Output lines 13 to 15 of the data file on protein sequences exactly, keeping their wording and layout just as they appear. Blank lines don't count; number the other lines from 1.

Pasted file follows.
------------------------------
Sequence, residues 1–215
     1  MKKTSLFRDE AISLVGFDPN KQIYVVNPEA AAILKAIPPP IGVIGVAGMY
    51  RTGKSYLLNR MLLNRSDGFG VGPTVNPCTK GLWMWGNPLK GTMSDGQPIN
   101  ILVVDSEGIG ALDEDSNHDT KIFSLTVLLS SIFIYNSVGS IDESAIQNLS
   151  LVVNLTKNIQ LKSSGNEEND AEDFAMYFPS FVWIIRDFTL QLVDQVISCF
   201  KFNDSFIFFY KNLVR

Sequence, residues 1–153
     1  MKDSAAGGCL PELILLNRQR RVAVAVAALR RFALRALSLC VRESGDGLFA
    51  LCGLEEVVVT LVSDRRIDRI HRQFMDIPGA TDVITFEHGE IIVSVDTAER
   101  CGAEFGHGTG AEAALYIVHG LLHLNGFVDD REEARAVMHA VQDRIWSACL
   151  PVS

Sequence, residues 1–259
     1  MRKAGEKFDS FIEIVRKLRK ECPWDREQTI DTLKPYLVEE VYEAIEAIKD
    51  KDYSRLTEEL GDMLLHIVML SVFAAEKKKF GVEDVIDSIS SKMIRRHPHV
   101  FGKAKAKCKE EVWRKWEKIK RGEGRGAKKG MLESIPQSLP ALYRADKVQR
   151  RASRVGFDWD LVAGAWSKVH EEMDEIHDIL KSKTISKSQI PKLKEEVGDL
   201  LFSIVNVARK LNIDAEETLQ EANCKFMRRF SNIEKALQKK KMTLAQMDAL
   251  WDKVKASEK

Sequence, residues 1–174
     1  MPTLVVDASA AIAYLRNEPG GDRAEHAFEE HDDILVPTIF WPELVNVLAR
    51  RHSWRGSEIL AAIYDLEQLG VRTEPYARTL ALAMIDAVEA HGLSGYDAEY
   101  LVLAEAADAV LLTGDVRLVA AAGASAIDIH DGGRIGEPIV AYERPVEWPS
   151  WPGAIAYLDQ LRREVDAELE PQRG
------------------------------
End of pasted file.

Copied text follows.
     1  MRKAGEKFDS FIEIVRKLRK ECPWDREQTI DTLKPYLVEE VYEAIEAIKD
    51  KDYSRLTEEL GDMLLHIVML SVFAAEKKKF GVEDVIDSIS SKMIRRHPHV
   101  FGKAKAKCKE EVWRKWEKIK RGEGRGAKKG MLESIPQSLP ALYRADKVQR